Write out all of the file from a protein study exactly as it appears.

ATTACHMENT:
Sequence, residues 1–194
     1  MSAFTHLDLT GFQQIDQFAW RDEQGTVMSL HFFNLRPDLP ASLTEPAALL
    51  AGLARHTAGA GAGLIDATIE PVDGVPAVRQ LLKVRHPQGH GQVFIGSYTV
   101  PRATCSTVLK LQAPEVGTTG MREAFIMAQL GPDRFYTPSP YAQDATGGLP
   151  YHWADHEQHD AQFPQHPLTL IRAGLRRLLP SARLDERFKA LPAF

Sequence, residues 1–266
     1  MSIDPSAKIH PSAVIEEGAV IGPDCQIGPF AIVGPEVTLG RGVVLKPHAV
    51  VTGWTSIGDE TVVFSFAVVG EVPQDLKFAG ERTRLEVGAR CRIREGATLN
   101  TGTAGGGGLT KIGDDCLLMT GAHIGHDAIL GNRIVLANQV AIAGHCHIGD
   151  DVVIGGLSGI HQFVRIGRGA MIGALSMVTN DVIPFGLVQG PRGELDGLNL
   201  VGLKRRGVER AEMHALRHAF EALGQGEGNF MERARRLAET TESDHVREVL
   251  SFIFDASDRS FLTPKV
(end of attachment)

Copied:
Sequence, residues 1–194
     1  MSAFTHLDLT GFQQIDQFAW RDEQGTVMSL HFFNLRPDLP ASLTEPAALL
    51  AGLARHTAGA GAGLIDATIE PVDGVPAVRQ LLKVRHPQGH GQVFIGSYTV
   101  PRATCSTVLK LQAPEVGTTG MREAFIMAQL GPDRFYTPSP YAQDATGGLP
   151  YHWADHEQHD AQFPQHPLTL IRAGLRRLLP SARLDERFKA LPAF

Sequence, residues 1–266
     1  MSIDPSAKIH PSAVIEEGAV IGPDCQIGPF AIVGPEVTLG RGVVLKPHAV
    51  VTGWTSIGDE TVVFSFAVVG EVPQDLKFAG ERTRLEVGAR CRIREGATLN
   101  TGTAGGGGLT KIGDDCLLMT GAHIGHDAIL GNRIVLANQV AIAGHCHIGD
   151  DVVIGGLSGI HQFVRIGRGA MIGALSMVTN DVIPFGLVQG PRGELDGLNL
   201  VGLKRRGVER AEMHALRHAF EALGQGEGNF MERARRLAET TESDHVREVL
   251  SFIFDASDRS FLTPKV